• Pre-condition: our Cassandra cluster only accepts batches of <=100 events for writes.
  • because of the rate limiting, the buffer gets to a size greater than 100, but never seems to decrease
  • because this buffer is >100, the only way around this is to restart the service to “clear” the buffer
    • Even if it grows unboundedly, I would expect it to send batches of 100 events (because that’s what we specified in the config). But once it’s over 100, it is, from what I observe, it never decreases. Therefore, we are never able to recover because our DB doesn’t accept batches of events > 100.

Let me know if I’m misinterpreting anything here

There were cases in olderversions of APC where the batch size wasn’t observed. This shoudl be fixed in 1.0.4. Regardless of the reported buffer size only the batch size should be written in one go.

Hi @chbatey, our team just upgraded to akka-persistence-cassandra v1.0.4 from v1.0.1, and we’re seeing about ~10x the normal latency for a persist call in our EventSourcedBehavior class. On v1.0.1, we’re getting around 10ms, and on v1.0.3/1.0.4 we’re getting 100ms. v1.0.2 seems ok though.

Flush-interval is set to 0ms. v1.0.4 added buffering - is this making the persist call take longer? If there was I’d expect it to emit immediately if max-message-batch-size is 1.

I just want to understand this issue some more. Is the change here primarily to reduce network I/O (at the potential cost of latency?)

Here’s how we’re tracking it:

    long before = gettime()
    return Effect()
        .persist(Stream.of(event1, event2).collect(Collectors.toList()))
        .thenRun(() -> {
          emitLatency(now() - before)
          sendOverMessageBus(event1, event2);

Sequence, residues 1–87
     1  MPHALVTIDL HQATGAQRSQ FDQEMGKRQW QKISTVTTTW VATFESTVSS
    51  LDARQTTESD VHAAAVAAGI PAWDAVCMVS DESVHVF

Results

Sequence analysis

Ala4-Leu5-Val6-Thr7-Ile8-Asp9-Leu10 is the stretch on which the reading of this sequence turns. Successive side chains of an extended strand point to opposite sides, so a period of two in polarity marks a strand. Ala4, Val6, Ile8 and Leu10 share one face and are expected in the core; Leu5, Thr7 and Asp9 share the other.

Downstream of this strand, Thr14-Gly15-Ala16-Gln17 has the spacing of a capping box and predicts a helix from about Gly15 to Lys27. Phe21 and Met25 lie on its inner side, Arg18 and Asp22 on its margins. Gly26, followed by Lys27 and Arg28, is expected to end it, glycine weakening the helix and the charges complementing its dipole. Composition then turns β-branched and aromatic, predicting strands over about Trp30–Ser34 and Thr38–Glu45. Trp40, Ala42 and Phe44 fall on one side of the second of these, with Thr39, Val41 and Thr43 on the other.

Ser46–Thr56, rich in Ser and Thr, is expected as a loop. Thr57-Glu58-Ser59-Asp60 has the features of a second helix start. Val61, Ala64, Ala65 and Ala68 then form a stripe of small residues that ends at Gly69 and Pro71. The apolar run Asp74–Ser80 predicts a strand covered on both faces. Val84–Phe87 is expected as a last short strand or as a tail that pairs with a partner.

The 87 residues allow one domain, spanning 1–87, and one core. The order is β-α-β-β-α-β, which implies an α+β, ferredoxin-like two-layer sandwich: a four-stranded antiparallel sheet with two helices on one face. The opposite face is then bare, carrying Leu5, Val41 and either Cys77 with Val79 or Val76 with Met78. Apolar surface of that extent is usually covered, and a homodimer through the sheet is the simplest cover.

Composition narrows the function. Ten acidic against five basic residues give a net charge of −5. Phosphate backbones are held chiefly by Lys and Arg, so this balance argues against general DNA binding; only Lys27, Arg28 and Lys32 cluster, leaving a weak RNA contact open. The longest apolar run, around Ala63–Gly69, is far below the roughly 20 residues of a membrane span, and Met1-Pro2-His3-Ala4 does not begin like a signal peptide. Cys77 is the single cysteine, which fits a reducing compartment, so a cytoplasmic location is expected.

.thenReply(replyTo, nil -> theReply());

Here’s the diff FWIW (mostly for myself to keep track of :)): Comparing v1.0.3...master · akka/akka-persistence-cassandra · GitHub

Are you using tags? If so the likely reason for greater latency in v1.0.4 is that the write to the tag_views table is now synchronous i.e. the persist isn’t completed until the event will be visible in both recovery and events by tag queries.

The reason for the change was that when the write to tag_views was asynchronous if the database was becoming overloaded on the tag_view right there was no feedback to your persistent actors whereas now the persists slow down which can backpressure into the rest of your system.

We are! However low-latency for the raw messages is important to us - we send those in the thenRun function. Sending before the persist won’t work for failure scenarios. Any recommendations for getting around this?

We did consider making the synchronous part optional but decided against it as it is the most correct.
We could resurrect that idea. If you think so then create an issue for it.

In the meantime rather than setting the batch size to 0, set the flush-interval to 0 (the new default in the latest version). Setting a batch size to 0 will mean that any queued writes will be written one at a time whereas what I think you want is for writes to be done ASAP and if multiple are queued while waiting for the previous write to finish then they can be written in a single batch as it is more efficient and will reduce latency.